2. I am curious about the “extreme center” idea. I had not heard that particular phrase before.

    Response from Steve:
    I’ll try to say more about that. (If someone remembers who coined that phrase before I remember it, please let me know so I can give proper credit.) Some implications of the phrase, as I understand it:

    The polarizing terms of “left” or “right” cause a person or church to define themselves based on what they are not. (Remember that line from South Pacific, “I know who we’re against; but who are we FOR?!” ) It seems to often be a reactionary self-claiming defense against “those others”. And when those terms are used to describe people different from self, they tend to be accusatory.

    The UMC is made up of people from the broad reaches of theological spectrum. Truly, there are persons of deep conservative richness and other persons of joyful liberal progressiveness. Many members carry within them a changing palette of theological colors as they develop and grow spiritually in one direction or the other.

    No matter where on the wheel one stands, Christ at the center is where the attention should be (must be). If your moment in life finds you on the outer reaches of liberalism, fine; but study Christ, not just where your feet are standing. If you inhabit a strong conservative spoke, good; but focus on Christ, not just where your theology feels most comfortable.

    Jesus said the Spirit would go wherever it wills. That would seem to include any position between all-the-way left and all-the-way right. That sounds pretty extreme, to me.

    I think the coining of the phrase “extreme center” is likely to have been partly in response to allegations that the UMC is a middle-of-the-road, compromising group of people who like things not too uncomfortable. The end point is that we do not inhabit our spot in the middle by accident or by entropy, but by serious claim that we exist for exactly Christ, intently focused on the hub of all existence, our Creator, our Savior, our Sanctifying Wind whooshing by, turning us again from the extremities of awayness toward the extreme of the absolute, centralizing, corporately freeing heart of Christ.

    Obviously, we don’t claim to have the only holding in the center. It may be that others have not yet recognized how extreme it is, though. Some may know it and actualize it much better than we.

    There are plenty of Christians who will (and do) see this kind of openness of Methodism as a weakness, a wrongness. May their journey also be real, filled with devotion that pleases the Christ. In another day, we’ll worship together without need of suspicion, all of that and all of this having been peeled away with the rest of our earthly film.

    (There’s more, Jeff, I’m sure, but I need to go, now. Prompt more, if you dare. Thanks for writing.)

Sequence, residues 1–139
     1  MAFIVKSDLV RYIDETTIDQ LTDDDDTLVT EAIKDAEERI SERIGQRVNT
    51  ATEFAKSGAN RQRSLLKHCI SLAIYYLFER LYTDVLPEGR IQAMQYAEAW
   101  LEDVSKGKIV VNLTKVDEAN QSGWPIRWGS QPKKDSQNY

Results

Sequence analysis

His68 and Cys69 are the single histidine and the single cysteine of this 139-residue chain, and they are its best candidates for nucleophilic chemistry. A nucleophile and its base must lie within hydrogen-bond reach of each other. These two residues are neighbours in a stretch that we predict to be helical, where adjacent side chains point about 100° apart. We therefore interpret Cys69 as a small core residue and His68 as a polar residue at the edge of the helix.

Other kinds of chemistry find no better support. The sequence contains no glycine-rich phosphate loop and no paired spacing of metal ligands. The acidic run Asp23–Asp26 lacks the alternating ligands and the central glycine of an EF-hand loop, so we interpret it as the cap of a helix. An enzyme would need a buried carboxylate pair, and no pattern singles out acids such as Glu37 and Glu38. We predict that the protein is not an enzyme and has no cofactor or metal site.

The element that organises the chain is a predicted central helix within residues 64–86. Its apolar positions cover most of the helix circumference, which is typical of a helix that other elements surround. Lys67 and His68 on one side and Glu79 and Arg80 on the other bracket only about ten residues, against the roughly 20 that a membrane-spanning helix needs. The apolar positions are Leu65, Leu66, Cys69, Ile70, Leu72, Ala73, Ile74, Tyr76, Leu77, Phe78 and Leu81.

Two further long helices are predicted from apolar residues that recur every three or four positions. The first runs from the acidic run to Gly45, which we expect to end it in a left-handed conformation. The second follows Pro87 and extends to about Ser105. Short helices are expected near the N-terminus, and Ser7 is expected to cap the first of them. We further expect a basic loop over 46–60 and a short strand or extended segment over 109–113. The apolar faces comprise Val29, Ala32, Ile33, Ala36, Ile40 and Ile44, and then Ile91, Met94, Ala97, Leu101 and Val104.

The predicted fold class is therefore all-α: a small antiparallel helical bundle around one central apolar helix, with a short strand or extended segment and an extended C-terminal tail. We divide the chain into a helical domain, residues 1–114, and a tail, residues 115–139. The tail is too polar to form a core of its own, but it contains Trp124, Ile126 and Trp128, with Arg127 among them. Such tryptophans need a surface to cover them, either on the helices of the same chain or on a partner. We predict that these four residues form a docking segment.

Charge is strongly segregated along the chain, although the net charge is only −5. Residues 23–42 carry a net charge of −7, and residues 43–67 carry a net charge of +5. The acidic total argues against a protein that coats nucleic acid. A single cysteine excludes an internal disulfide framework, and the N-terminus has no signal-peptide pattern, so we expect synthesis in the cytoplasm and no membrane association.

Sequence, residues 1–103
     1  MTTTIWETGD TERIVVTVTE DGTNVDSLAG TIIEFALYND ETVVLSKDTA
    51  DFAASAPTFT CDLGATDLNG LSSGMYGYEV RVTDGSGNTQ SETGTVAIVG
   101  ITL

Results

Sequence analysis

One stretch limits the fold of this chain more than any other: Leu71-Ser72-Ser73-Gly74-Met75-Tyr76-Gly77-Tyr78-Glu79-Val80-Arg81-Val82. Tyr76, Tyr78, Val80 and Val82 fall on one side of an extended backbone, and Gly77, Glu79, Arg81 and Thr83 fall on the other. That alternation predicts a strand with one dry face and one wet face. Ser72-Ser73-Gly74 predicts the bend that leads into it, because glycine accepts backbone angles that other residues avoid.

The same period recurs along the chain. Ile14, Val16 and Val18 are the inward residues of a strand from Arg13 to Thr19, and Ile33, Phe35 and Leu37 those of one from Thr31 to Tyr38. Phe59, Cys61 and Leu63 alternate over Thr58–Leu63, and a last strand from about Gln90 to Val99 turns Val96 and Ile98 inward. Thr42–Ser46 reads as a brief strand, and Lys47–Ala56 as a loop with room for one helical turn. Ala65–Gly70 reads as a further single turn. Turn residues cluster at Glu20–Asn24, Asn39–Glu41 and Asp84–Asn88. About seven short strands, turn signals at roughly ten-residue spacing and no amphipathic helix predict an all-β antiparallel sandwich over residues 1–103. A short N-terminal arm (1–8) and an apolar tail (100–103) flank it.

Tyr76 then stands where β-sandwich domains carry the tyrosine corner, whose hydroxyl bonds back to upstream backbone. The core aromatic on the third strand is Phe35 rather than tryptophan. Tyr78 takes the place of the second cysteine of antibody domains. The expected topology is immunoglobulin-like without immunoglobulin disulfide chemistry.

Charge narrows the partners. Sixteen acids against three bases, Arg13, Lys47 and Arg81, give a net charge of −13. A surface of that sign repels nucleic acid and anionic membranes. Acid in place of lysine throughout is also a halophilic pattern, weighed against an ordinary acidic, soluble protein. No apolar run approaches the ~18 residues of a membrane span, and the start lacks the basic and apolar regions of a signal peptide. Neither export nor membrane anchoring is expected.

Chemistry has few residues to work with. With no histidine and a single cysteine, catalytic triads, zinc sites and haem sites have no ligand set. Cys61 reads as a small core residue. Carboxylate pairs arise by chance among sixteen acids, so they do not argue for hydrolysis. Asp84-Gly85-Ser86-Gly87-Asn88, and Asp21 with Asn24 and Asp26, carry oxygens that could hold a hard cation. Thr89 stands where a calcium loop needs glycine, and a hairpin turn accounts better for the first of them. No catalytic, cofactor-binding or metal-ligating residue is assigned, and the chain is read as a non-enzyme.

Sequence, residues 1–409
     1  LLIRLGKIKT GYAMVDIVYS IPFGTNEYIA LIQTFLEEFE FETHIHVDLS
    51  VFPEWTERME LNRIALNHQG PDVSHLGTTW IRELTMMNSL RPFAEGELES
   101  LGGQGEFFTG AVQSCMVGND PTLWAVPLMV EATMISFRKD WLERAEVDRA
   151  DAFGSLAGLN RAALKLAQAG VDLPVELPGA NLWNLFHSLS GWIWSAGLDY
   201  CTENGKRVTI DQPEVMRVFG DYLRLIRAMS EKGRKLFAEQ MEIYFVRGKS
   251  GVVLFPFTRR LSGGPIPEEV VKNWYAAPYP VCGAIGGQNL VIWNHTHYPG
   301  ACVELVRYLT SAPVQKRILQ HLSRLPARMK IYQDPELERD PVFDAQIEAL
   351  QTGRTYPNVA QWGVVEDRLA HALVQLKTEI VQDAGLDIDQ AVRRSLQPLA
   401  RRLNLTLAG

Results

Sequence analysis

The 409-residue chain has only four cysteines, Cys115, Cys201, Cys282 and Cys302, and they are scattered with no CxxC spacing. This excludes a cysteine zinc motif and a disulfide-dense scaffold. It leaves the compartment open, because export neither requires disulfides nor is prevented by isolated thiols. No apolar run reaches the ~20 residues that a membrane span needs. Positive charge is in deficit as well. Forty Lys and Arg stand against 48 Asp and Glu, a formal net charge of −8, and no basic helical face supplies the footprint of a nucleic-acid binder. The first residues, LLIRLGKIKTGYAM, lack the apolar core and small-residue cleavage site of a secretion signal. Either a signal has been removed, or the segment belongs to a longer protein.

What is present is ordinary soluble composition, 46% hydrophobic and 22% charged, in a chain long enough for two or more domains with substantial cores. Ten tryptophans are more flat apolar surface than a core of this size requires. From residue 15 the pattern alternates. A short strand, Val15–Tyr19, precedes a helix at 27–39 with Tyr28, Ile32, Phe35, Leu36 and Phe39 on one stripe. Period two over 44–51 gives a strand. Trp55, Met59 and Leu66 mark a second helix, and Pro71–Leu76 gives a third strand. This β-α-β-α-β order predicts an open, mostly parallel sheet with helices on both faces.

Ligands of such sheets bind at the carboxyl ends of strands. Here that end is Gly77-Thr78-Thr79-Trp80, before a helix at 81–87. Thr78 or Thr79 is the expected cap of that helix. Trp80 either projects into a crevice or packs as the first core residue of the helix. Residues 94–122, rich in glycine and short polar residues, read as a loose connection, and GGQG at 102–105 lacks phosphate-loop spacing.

3. Great illustration–funny that we’re both thinking about balance these days. Good thing though; God help us should we stop thinking about it and find the tip of the umbrella suddenly topside!

    Response from Steve:
    He does, Lore, every time, more likely to be smiling during it than we are.

  4. What a funny word, balance is!
    You’ve struck a balance in a way you probably didn’t intend, by posting this wonderfully lengthy explanation to expand on your very brief May 17,2007 post on the same subject. I’ve been waiting for the ‘other half’ – and didn’t know it until I saw this! Your comment then (Balance is not…strict adherence to symmetry) has bothered me because of my professional (and concrete) approach to balance – more like in an accounting sense than anything else. I’m more used to seeing the horizontal (strict) dimension of balance instead of the vertical (kinetic) dimension. I confess, for myself, balance is a process and not a destination I have reached. Energy spent on increasing the self-centered worldy horizontal balance is at the cost of decreasing the Christ-centered vertical.
    Much more in my head on this – how frustrating to allow a mortal language to limit the expression of the Christ in me!

    Response from Steve:
    Cool connection, Michael, and such a great understanding of balance! “…balance is a process and not a destination I have reached” — excellent! I feel the same way.

    Thank you for sharing your thoughts.

  5. I mentioned earlier that balance in one’s life with respect to faith requires one to let go to Christ.

    One point that your explanation of extreme center really illustrated is that “letting go” requires action, not only at that moment but continually. Following Christ is an active, not a passive pursuit. The act of “letting go” is the beginning of the journey, not the end.

    Response from Steve:
    Yes! Great synopsis. I like that.

  6. Absolutely COOL!

    Response from Steve:
    I’m glad! Thank you.